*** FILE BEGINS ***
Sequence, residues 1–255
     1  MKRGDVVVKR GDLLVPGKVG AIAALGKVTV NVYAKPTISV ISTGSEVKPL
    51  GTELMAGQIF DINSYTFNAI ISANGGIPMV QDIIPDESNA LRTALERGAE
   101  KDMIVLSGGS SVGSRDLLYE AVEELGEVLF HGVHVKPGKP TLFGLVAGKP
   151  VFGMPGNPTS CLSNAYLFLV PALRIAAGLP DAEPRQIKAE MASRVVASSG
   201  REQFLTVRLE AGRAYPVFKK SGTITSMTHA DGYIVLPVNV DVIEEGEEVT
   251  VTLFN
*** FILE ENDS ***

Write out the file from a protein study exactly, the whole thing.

Sequence, residues 1–255
     1  MKRGDVVVKR GDLLVPGKVG AIAALGKVTV NVYAKPTISV ISTGSEVKPL
    51  GTELMAGQIF DINSYTFNAI ISANGGIPMV QDIIPDESNA LRTALERGAE
   101  KDMIVLSGGS SVGSRDLLYE AVEELGEVLF HGVHVKPGKP TLFGLVAGKP
   151  VFGMPGNPTS CLSNAYLFLV PALRIAAGLP DAEPRQIKAE MASRVVASSG
   201  REQFLTVRLE AGRAYPVFKK SGTITSMTHA DGYIVLPVNV DVIEEGEEVT
   251  VTLFN